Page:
The Korean Peninsula’s situation is so grave that the president had to stress that he will stop a war at all costs. In retrospect, it is unfortunate that we did not respond more actively to the changed landscape when the signal for the end of the Cold War was made with German unification in 1989. South Korea established diplomatic relations with the Soviet Union in 1990 and with China in 1992. As Pyongyang worried about its isolation at the time, we should have helped it form diplomatic ties with the United States and Japan to open up the country and reform it. If we had done so, North Korea would have not made the drastic move of developing nuclear weapons.

At the time, South Korea ended the annual Team Spirit joint military drill with the United States — which involved 200,000 forces from both sides — in return for the North’s acceptance of nuclear inspections. Seoul also used diplomacy to sign the Inter-Korean Basic Agreement and the joint declaration of denuclearization of the Korean Peninsula.

The North, in despair, took a path similar to that of Germany after World War I. After the victors forced Germany to pay excessively high reparations in order to prevent its recovery, Hitler provoked the German people and started World War II.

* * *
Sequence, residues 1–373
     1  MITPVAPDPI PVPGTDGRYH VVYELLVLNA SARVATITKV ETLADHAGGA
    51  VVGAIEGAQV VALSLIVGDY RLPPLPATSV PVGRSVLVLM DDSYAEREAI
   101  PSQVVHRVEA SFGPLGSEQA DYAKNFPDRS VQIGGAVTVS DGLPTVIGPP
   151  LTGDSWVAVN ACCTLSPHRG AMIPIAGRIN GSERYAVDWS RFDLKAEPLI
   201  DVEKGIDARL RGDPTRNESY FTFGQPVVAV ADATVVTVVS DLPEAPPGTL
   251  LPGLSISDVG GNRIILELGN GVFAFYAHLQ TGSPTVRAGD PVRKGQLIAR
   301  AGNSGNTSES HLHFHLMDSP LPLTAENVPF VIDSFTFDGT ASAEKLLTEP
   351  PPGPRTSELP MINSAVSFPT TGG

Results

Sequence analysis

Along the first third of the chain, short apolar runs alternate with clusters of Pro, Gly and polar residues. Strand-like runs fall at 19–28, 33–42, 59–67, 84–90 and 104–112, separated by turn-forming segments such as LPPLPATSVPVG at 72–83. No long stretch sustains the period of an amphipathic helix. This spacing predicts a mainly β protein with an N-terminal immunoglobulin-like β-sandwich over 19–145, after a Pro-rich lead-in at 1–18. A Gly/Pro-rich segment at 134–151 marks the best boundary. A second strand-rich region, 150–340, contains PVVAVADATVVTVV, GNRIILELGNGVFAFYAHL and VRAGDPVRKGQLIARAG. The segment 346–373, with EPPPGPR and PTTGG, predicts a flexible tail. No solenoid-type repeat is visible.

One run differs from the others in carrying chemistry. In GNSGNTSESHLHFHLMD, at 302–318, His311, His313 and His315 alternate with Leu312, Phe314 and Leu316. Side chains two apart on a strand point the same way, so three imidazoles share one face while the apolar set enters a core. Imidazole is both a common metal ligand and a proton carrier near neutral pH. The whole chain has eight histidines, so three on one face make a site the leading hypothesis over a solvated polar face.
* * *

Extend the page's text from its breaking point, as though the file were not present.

Although North Korea is making threats of a war, its actual situation is quite different. The unofficial incomes North Korean people earn from markets comprise about 70 percent of their total incomes. Their reliance on trade is over 50 percent. In 2004, each farm household was allowed to work 100 square meters (1076 square feet) of land, but the size expanded to 3,300 square meters now. State control appears to be weaker than market power.

Former Foreign Minister Yoon Young-kwan focused on the process of Libya’s decision to abandon nuclear development in his book. Because Libya was largely dependent on the outside world for its oil exports, Muammar Gaddafi concluded that the cost of sanctions was larger than the gains from nuclear development. He made the decision in 2003. Yoon said we can try a Libyan method by making the North deeply involved in the outside world and the network of mutual economic dependence so that at some point, it has to respect international society’s regulations.

The top priority is that we fight North Korea’s nuclear threats with strong sanctions in alliance with the United States and China. Of course, a strong security posture is a must. We must make the North join negotiations. And then we should have steady talks and exchanges to make the North believe that dismantlement of its nuclear weapons helps its interest and pushes forward the integration of the two Korea’s markets. The existing U.S. approach of denuclearization has its limit. We need to find a creative way to include the North in the global economic system. That is true engagement.

This new and creative way is only possible when we persuade the conservatives at home and convince Washington and Beijing. That is why Moon needs to hire people like Kang In-duk and Han Sung-joo. For us to lead the initiative to stop a war and bring peace, internal unity is a must. To this end, the president must change.

JoongAng Ilbo, Aug. 28, Page 35

*The author is the chief editor of the JoongAng Ilbo.

Lee Ha-kyung